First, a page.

MANCHESTER – His rivals are beating him up for his foreign policy positions, but Ron Paul is finding plenty of support among Iowa caucusgoers for his non-interventionist philosophy.
Paul’s reluctance to get tough with Iran as well as his call to end foreign aid and bring all troops home has made him an easy target for other 2012 Republican presidential hopefuls.
It’s also made him an easy choice for some caucusgoers.
Justus Thompson of Brooklyn, Iowa, and Molly Franta of Elkader were impressed enough with Paul when he visited the University of Northern Iowa, where they are students, to attended his rally at the Delaware County Fairgrounds in Manchester Dec. 22. Mostly, they said, it was Paul’s anti-war philosophy that attracted them.
“Ron Paul sees the value in not trying to control the world,” Thompson said. “There are several reasons, but the economy is the biggest – we can’t afford to keep doing it.”
Franta, who will be voting in her first presidential election next year, a also liked Paul’s plan to cut $1 trillion in spending the first year of his administration and end bailouts.
A couple of chairs down the row, Franta’s father, John, sounded similar themes, saying he plans to caucus for Paul because of his opposition to war – “current and prospective,”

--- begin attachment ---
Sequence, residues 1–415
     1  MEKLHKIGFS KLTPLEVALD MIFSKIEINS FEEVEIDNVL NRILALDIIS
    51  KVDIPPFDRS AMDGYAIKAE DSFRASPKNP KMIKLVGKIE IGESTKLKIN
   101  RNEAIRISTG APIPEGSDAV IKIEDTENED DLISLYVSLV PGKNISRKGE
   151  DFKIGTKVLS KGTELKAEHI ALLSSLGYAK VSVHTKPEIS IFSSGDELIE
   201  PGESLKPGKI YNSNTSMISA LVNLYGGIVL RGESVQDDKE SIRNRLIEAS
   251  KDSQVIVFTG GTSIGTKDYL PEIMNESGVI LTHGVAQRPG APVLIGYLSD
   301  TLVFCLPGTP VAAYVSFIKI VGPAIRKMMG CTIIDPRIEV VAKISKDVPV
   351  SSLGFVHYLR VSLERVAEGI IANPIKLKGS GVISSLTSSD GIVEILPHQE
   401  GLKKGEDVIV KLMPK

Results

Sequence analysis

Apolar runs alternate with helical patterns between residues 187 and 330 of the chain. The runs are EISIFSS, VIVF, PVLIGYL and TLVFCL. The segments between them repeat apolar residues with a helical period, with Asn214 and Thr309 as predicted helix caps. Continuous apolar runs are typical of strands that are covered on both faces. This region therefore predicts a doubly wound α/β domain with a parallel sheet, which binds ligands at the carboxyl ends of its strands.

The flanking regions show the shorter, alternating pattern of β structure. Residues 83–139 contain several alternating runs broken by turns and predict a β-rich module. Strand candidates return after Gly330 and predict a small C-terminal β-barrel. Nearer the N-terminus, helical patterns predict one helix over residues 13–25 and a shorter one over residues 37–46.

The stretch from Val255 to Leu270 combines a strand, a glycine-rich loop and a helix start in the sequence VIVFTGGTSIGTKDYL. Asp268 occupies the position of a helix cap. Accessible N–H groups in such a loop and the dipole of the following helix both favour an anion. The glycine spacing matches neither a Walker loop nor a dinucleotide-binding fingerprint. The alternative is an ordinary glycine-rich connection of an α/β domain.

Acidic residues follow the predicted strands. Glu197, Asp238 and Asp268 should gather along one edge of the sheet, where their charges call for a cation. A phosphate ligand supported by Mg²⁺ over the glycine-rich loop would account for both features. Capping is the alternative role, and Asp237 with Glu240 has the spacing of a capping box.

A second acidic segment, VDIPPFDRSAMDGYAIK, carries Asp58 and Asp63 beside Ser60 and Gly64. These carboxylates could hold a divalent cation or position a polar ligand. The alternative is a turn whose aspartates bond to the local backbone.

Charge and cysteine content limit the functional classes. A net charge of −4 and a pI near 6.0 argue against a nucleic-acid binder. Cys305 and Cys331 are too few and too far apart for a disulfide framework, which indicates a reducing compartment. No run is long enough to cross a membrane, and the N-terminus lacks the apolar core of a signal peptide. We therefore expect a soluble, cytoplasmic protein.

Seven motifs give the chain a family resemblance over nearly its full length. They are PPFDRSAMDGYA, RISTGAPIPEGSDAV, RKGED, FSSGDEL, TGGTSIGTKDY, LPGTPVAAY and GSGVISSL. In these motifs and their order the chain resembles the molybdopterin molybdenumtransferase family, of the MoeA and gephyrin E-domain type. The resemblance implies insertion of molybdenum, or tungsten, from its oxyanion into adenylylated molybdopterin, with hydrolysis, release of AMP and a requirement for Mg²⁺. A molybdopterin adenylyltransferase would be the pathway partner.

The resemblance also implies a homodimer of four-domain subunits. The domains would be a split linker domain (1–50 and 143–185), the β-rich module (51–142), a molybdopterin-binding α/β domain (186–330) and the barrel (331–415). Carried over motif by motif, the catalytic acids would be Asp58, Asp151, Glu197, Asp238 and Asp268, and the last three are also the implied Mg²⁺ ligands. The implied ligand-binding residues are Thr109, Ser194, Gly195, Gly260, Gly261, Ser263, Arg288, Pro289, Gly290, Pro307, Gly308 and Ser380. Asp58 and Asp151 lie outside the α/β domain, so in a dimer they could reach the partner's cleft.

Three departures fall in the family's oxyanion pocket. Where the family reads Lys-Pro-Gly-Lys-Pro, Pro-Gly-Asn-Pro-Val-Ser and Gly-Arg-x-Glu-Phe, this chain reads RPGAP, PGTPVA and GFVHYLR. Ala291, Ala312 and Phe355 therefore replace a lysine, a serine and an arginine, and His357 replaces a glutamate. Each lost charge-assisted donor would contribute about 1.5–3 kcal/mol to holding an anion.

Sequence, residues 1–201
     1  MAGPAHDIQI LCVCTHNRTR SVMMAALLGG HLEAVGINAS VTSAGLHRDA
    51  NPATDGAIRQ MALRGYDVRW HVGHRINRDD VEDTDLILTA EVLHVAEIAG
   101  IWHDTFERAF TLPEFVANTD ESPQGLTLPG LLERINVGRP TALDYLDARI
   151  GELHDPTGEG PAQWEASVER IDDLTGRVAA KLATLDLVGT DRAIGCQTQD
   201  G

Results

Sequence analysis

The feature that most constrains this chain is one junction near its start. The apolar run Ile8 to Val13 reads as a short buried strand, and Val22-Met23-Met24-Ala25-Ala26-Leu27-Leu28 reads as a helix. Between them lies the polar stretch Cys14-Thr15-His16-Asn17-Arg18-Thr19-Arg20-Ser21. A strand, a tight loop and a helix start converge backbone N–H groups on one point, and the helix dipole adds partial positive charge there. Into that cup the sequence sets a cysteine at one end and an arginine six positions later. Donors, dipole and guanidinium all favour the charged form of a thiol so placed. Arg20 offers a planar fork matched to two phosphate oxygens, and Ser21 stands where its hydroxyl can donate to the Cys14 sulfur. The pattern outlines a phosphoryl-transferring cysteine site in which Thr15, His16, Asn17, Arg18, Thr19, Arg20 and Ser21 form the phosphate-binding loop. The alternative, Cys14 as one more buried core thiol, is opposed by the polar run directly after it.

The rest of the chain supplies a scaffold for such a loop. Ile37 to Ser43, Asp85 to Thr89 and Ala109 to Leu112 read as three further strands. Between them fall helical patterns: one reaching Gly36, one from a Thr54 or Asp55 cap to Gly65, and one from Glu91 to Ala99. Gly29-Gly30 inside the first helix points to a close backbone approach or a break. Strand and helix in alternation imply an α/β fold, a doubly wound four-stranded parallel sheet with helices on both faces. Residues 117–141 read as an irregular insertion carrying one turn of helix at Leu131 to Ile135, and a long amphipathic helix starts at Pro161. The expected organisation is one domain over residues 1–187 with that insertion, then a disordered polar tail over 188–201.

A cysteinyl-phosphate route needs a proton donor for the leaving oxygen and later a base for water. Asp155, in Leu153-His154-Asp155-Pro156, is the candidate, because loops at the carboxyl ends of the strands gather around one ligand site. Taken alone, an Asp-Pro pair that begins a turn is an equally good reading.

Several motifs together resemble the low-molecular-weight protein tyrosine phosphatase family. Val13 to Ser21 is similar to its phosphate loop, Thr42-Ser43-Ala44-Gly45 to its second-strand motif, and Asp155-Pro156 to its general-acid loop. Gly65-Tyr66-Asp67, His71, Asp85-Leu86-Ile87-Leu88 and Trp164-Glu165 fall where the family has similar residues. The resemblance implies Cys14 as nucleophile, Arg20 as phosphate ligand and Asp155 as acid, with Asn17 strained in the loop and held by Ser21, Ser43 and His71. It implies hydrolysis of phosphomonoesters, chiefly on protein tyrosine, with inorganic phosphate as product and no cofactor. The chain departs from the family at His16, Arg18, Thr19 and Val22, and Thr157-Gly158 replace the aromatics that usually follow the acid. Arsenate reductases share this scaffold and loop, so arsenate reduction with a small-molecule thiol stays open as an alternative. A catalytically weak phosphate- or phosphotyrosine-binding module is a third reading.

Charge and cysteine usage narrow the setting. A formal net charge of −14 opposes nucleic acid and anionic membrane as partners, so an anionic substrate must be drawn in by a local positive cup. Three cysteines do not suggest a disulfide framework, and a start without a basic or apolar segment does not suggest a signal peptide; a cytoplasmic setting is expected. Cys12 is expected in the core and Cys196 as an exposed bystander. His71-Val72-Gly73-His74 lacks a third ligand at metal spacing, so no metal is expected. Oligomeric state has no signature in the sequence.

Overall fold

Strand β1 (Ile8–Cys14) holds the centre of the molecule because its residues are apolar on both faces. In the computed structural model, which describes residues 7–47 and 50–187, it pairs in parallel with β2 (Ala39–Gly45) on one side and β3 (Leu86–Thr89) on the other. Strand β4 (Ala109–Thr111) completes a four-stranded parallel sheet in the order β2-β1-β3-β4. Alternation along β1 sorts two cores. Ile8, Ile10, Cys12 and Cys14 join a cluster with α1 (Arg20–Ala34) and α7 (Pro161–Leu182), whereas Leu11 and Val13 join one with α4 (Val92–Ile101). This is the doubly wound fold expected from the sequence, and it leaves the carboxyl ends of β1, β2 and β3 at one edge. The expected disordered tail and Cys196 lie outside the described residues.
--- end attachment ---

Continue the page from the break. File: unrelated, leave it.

“They’re immoral, unnecessary and costly,” the elder Franta said.
Paul campaign volunteer Will Johnson offered another reason not to listen to the criticism from Paul’s opponents. Paul’s non-interventionist approach to foreign policy will fade as a reason not to support him, Johnson, a tea party activist, predicted before the Texas congressman spoke to about 200 people at the Grand River Center.
Later, Paul had a rally at the Hotel at Kirkwood in Cedar Rapids.
“Everybody talks about who supports the troops, but the better question is who do the troops support,” he said. Paul has received more support from members of the military than all of the other candidates, including President Obama.
He also believes the support Paul is attracting from people like John Franta and Thompson will be a key factor in Paul winning the nomination. Both caucused for Barack Obama four years ago,
“It’s not that I couldn’t caucus for him again, but I don’t think I will,” Thompson said about Obama. Still, he might vote for Obama before some of the Republican candidates.
“I’m really disappointed in Barack Obama,” Franta said, but he’s not sure he prefers any of the other GOP candidates over Obama.
While other candidates are splitting the traditional pool of Republican caucusgoers, Paul is attracting not only substantial numbers of Republicans, but disaffected Democrats and independents, Johnson said.
There’s also the “stickiness” factor, Johnson said. About 10 percent of caucusgoers four years ago supported Paul, Johnson said, “but there’s a 100 percent stickiness factor.”
That consistency isn’t one-side, said Roger Kistler of Olin, who described himself as a “pretty strong supporter.”
“I like to look at the YouTube movies and what he said 30 years ago he said 10 years ago and he’s saying it today,” Kistler said.
Paul is the only candidate Kistler believes will return government to constitutional principles to “preserve, protect and defend.”
Paul’s plans to slash spending and to make fundamental changes in the role of government appeal to Kistler.
Paul, who introduced two granddaughters at each event, also distributed a cookbook his wife put together.
“I can’t vouch for the nutritional value of every recipe,” said Paul, a physician, “but the taste I’ll vouch for.”
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